A Los Angeles Times Bestseller For the 75th anniversary of its premiere—the incredible story of how Casablanca was made and why it remains the most beloved of Hollywood films. Casablanca was first released in 1942, just two weeks after the city of Casablanca itself surrendered to American troops led by General Patton. Featuring a pitch-perfect screenplay, a classic soundtrack, and unforgettable performances by Humphrey Bogart, Ingrid Bergman, and a deep supporting cast, Casablanca was hailed in the New York Times as “a picture that makes the spine tingle and the heart take a leap.” The film won Oscars for best picture, best director, and best screenplay, and would go on to enjoy more revival screenings than any other movie in history. It became so firmly ensconced in the cultural imagination that, as Umberto Eco once said, Casablanca is “not one movie; it is ‘movies.’ ” We’ll Always Have Casablanca is celebrated film historian Noah Isenberg’s rich account of this most beloved movie’s origins. Through extensive research and interviews with filmmakers, film critics, family members of the cast and crew, and diehard fans, Isenberg reveals the myths and realities behind Casablanca’s production, exploring the transformation of the unproduced stage play into the classic screenplay, the controversial casting decisions, the battles with Production Code censors, and the effect of the war’s progress on the movie’s reception. Isenberg particularly focuses on the central role refugees from Hitler’s Europe played in the production (nearly all of the actors and actresses cast in Casablanca were immigrants). Finally, Isenberg turns to Casablanca’s long afterlife and the reasons it remains so revered. From the Marx Brothers’ 1946 spoof hit, A Night in Casablanca, to loving parodies in New Yorker cartoons, Saturday Night Live skits, and Simpsons episodes, Isenberg delves into the ways the movie has lodged itself in the American psyche. Filled with fresh insights into Casablanca’s creation, production, and legacy, We’ll Always Have Casablanca is a magnificent account of what made the movie so popular and why it continues to dazzle audiences seventy-five years after its release.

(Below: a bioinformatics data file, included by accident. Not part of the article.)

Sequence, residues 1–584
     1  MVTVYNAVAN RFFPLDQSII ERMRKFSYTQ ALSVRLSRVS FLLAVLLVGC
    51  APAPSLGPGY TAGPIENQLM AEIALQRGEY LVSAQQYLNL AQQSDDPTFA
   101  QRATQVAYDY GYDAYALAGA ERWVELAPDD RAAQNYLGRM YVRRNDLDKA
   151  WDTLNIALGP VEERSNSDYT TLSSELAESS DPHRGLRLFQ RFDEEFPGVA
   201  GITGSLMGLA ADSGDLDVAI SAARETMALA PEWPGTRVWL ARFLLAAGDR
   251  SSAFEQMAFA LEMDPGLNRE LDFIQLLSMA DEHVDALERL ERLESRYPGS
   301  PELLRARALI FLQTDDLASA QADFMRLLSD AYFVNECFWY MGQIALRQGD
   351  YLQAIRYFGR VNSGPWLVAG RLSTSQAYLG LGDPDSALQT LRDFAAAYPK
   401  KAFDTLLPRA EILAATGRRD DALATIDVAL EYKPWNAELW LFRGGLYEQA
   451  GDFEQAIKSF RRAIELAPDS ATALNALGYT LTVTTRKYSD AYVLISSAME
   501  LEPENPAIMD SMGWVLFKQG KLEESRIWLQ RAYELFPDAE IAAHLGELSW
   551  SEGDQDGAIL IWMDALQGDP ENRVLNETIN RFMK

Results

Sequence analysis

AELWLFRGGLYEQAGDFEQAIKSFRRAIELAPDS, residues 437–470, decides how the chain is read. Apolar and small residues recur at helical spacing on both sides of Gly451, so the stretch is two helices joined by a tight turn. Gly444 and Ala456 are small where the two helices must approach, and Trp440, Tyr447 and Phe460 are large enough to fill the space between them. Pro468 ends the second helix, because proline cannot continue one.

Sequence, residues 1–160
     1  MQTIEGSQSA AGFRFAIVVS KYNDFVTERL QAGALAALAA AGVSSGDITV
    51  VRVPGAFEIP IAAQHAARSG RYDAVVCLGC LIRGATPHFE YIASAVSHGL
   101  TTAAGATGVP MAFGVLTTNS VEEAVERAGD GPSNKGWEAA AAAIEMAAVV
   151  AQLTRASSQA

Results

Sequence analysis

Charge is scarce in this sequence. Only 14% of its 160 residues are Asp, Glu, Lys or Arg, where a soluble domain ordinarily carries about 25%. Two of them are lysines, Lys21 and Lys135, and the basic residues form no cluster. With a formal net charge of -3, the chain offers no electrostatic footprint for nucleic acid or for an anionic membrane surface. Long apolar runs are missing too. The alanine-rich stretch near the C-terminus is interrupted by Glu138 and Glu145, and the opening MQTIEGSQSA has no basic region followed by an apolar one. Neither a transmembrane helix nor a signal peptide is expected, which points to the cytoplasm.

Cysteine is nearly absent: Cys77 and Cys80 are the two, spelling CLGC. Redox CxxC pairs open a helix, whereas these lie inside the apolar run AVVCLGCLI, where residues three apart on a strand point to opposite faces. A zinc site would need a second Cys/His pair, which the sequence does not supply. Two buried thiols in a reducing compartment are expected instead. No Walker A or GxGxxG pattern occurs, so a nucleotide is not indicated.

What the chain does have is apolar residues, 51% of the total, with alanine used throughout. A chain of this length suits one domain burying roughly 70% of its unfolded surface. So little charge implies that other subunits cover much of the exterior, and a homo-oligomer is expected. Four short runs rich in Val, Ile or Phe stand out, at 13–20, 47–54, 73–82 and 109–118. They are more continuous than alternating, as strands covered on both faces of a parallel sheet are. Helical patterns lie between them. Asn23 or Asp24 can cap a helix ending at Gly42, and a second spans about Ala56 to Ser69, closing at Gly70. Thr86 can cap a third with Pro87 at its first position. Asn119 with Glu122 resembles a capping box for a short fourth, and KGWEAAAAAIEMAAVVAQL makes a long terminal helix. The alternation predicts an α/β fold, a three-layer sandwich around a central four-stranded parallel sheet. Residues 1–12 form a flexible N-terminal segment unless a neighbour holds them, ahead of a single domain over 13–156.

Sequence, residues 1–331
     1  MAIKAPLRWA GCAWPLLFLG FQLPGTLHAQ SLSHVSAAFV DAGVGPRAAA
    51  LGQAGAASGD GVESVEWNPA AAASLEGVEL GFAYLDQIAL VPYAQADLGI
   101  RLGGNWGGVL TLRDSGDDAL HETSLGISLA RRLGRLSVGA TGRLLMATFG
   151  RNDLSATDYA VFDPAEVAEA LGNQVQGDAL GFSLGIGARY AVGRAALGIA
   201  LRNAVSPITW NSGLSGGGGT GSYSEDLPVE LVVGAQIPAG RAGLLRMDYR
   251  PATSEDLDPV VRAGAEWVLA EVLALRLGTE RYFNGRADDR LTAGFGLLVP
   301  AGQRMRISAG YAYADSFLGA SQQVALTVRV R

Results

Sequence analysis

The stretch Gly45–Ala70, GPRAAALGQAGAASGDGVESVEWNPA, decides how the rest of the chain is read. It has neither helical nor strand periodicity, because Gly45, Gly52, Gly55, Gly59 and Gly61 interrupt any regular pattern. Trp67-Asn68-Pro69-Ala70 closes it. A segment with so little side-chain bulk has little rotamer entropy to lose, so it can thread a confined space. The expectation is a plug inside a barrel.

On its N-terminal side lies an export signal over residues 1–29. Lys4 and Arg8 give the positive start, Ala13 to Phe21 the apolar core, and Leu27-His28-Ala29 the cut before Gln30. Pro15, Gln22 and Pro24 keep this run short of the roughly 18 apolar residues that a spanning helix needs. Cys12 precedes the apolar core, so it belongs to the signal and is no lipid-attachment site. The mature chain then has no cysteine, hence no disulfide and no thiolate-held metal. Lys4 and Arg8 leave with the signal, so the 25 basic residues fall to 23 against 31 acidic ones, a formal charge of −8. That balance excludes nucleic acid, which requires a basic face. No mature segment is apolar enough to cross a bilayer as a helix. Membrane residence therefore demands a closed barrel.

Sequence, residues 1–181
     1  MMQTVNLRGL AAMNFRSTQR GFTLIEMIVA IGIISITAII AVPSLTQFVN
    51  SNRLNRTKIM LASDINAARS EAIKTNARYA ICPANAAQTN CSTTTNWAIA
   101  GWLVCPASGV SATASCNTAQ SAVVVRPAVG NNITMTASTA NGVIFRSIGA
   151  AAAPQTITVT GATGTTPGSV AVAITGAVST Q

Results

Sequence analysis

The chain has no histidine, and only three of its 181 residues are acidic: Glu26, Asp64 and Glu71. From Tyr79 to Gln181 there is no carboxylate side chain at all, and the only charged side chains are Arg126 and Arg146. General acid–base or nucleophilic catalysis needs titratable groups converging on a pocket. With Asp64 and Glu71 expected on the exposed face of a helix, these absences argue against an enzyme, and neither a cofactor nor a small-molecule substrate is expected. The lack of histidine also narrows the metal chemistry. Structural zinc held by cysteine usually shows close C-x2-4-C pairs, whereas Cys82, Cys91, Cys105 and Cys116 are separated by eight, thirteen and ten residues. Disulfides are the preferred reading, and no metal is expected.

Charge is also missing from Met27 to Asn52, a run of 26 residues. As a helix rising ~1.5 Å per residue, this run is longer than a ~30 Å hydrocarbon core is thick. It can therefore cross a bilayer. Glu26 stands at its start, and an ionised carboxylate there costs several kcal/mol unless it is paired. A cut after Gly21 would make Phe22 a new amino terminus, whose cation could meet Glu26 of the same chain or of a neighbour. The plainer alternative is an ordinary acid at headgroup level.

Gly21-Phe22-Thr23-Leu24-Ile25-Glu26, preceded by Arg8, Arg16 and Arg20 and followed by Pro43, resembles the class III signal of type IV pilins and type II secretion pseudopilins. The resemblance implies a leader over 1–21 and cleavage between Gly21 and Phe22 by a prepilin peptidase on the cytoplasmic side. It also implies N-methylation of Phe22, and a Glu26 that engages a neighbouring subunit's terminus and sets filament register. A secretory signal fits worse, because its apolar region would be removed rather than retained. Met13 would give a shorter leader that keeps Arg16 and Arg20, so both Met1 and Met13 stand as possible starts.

• Performing Arts